The MY17 Isuzu MU-X update has arrived in Australia - before any other export market, and fewer than three months after the rugged seven-seat SUV's last running change, which brought a new Euro 5 diesel engine.
The quickness of the local model launch reflects Australia's importance to Isuzu Ute. Despite a host of new rivals such as Mitsubishi Pajero Sport, Holden Trailblazer, Ford Everest and Toyota Fortuner launching relatively recently, the humble MU-X outsold all of them last year.
The basic shape is exactly the same as the 2013 launch model, but there's a small tweak to the grille, and brand new Bi-LED headlights on all variants that work better at night. There are also new 16- or 18-inch alloys depending on spec.
The revised MU-X also benefits from some better cabin trims including soft-touch and dual-tone trims on the dash and doors, plus revised (less naff-aftermarket) infotainment screens measuring 7.0- or 8.0 inches depending on spec, all with reversing cameras. That crap old closing lid atop the dash has been updated as well.
Other new stuff includes an uprated eight-speaker system on all variants, as well as the very welcome addition of a USB charger in the middle seat row, bringing the total to three (matching the number of 12V inputs).
Isuzu also claims to have wiped a few decibels from the noise, vibration and harshness (NVH) levels - addressing a key weakness of the old car according to some buyers - by adding more insulation in the floor, firewall and windscreen.
There's also that recently introduced 3.0-litre turbo-diesel engine that meets stricter Euro 5 regulations. Power is the same 130kW as the original version, but the 430Nm of torque is up 50Nm, and on tap between 2000 and 2200rpm. Isuzu is at pains to say that 380Nm of this is on tap between 1700 and 3500rpm, a wider rev band than before.
Braked towing capacity remains 3.0 tonnes, fuel use kicks off at a claimed class-leading 7.9L/100km on the combined-cycle, the gearboxes are an Isuzu six-speed manual or Aisin six-speed lock-up torque converter-style automatic, and there remain 4x2 or part-time 4x4 drive styles.
The revised engine gets new pistons, new injectors, a new fuel pump, new VGS turbo, new exhaust gas recirculation cooler and subsequent bypass valve, new ceramic glow plugs, new battery sensor and a particulate diffuser.
The 4x4 versions retain the same underbody and transfer-case protection, and all versions sport the familiar double-wishbone/five-link suspension setup front/rear. All derivatives get a revised rear diff but with the same ratio, and hill-descent control.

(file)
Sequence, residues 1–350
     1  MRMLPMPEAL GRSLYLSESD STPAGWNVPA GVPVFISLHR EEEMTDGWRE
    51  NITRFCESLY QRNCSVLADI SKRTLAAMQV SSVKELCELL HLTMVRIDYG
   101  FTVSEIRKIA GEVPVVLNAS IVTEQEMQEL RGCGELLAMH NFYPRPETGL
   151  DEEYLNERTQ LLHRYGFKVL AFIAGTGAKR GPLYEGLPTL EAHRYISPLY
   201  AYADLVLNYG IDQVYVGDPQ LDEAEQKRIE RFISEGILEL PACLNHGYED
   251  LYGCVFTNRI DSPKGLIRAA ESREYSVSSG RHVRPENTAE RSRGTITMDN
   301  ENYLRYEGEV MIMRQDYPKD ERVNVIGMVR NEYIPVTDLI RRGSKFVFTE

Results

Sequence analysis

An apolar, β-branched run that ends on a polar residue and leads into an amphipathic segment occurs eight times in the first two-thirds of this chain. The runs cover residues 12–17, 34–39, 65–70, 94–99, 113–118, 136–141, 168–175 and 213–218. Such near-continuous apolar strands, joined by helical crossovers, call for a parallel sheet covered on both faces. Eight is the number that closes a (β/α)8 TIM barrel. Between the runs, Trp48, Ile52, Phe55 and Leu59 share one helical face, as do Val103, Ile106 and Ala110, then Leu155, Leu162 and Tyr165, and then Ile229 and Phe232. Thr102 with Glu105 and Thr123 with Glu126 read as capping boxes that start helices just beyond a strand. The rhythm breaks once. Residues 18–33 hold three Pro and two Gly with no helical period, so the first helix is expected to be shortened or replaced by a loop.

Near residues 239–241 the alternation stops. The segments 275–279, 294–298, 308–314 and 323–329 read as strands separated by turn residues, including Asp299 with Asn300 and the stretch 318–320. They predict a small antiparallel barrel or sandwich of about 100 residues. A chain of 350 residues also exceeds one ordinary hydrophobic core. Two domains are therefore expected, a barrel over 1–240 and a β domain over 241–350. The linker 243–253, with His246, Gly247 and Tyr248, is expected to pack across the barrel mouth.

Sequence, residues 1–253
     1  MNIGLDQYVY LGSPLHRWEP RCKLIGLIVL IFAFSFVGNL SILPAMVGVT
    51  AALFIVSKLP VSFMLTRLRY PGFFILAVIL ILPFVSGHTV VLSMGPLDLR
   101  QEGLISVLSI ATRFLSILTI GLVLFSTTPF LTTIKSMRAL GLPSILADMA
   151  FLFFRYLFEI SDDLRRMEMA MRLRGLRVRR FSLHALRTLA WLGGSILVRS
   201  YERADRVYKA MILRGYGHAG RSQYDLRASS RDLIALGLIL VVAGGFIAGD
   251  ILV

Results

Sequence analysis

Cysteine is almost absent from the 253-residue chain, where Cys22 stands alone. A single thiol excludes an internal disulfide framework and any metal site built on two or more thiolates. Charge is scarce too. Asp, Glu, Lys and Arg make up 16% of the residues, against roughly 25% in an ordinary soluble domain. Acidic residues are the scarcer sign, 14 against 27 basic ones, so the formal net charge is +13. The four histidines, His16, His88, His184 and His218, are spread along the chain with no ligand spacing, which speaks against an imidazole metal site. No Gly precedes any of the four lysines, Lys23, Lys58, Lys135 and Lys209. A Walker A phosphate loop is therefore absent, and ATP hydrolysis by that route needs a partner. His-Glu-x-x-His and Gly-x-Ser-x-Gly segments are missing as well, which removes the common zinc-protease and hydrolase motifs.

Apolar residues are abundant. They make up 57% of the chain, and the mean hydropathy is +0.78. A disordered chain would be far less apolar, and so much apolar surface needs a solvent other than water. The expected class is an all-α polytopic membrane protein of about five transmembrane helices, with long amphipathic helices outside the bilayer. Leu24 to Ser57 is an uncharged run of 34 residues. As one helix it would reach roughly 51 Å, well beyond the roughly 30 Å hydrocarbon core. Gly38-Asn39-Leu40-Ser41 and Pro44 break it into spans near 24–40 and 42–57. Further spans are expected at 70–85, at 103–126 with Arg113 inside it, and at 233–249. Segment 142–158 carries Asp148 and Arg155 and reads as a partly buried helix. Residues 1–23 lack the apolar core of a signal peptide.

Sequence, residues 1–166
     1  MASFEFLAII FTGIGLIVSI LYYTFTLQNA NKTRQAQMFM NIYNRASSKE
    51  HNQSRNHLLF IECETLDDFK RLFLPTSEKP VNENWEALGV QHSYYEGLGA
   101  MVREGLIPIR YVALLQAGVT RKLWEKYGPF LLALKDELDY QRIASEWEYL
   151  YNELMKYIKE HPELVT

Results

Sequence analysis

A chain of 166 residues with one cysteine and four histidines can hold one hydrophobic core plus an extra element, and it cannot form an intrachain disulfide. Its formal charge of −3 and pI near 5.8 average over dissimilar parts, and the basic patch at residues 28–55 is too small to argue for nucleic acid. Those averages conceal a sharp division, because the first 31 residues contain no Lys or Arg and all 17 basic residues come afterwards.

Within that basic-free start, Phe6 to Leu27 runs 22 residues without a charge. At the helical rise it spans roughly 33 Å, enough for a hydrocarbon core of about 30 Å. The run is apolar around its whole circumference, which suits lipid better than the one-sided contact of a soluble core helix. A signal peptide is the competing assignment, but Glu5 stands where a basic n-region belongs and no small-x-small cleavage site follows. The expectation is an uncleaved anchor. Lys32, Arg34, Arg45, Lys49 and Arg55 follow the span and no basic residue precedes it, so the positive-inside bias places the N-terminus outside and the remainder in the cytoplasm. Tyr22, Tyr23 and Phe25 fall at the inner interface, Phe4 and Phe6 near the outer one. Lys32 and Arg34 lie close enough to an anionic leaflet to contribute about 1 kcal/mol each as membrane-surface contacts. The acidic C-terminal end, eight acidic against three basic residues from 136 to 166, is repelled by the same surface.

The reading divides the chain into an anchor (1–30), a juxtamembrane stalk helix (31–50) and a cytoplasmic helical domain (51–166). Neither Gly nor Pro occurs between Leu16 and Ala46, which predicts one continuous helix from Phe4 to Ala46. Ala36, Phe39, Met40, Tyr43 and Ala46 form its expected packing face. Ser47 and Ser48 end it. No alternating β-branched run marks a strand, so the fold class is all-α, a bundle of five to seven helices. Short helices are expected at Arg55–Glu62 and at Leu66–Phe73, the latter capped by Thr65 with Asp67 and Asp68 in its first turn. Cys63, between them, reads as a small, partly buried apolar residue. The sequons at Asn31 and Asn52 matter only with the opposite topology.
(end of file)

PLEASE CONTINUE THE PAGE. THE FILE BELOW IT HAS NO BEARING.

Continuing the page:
All MU-X are covered by the company's uprated after-sales program, with five-year/unlimited km warranty, roadside assist and five-year/50,000km capped-price servicing plan with new (but still underdone) intervals of 12 months or 10,000km. The cost of the first five visits totals $1500.
The (partially Australia-exclusive, ergo expensive to amortise) upgrades do come at a cost though, with price hikes of between $1000 and $1300 over the MY16.5, which itself attracted $1300 hikes of its own. The pricing now ranges between $42,800 and $56,100, higher than equivalent Pajero Sport and Trailblazer derivatives.
At least Isuzu Ute Australia generally offers permanent drive-away deals on its site, so you won't really pay this.
For instance, the real price for the foreseeable future will be $42,990 drive-away for the LS-M manual 4x4, and the top-end LS-T 4x4 auto will be $52,990 drive-away (off a MSRP of $56,100). Isuzu Ute's strategy seems baffling...
Isuzu Ute Australia is actually quite the success story, being the world’s largest export market for the light commercial and SUV range, comprising the D-Max ute and MU-X, out of more than 100 countries.
Isuzu Ute Australia’s 23,377 sales last year from its now 130-site dealer network — the eighth consecutive year in which it posted double-digit growth — allowed it to overtake Saudi Arabia.
Only the Thailand market, where Isuzu Motors International Operations produces all its vehicles, accounts for a greater proportion of the company’s volume.
2017 Isuzu MU-X pricing (before on-roads):
- 4x2 LS-M auto - $42,800 (up $1000)
- 4x2 LS-U auto - $45,100 (up $1300)
- 4x2 LS-T auto - $48,800 (up $1300)
- 4x4 LS-M manual - $48,000 (up $1000)
- 4x4 LS-M auto - $50,100 (up $1000)
- 4x4 LS-U manual - $50,300 (up $1300)
- 4x4 LS-U auto - $52,400 (up $1300)
- 4x4 LS-T auto - $56,100 (up $1300)
Standard features by variant:
- Seven seats
- Six airbags
- 7.0-inch touchscreen
- 3x USB/Bluetooth/3x 12V
- Reversing camera with guidelines
- Rear sensors
- LED daytime running lights
- Bi-LED projector headlights
- 16-inch alloy wheels with full-size spare
- All-terrain tyres
MU-X LS-U extras:
- $2300 premium
- 8.0-inch screen
- Fog lights
- 18-inch alloys
- Chrome-look plastic on the grille, mirrors and handles
- Side steps
- Climate control air-conditioning
- Cooling vents for all three rows (in the roof for back two)
- Rear privacy glass
- Sharkfin aerial
MU-X LS-T extras:
- $3700 premium
- Better-grade leather-accented seats
- Keyless entry and start
- Electric driver's set adjust
- Roof rails
- Rear spoiler
- Chrome exhaust tip
- 10-inch roof-mounted folding screen
Key tech specs:
- 3.0-litre Euro 5 diesel engine
- 130kW at 3600rpm and 430Nm at 2000rpm
- Six-speed manual or six-speed Aisin auto
- Fuel use (claimed) combined cycle 7.9-8.1L/100km
- Fuel tank 65L
- Braked towing maximum of 3000kg
- Payload between 593 and 678kg
- 4x2 or 4x4 (with low-range, and shift-on-the-fly 2H to 4H up to 100km/)
- 220 to 230mm ground clearance
- Body-on-frame chassis
- Hydraulic-assisted power steering, 3.84 turns lock-to-lock
- Double wishbone front/five-link rear suspension
- Cargo volume 235L/878L/1830L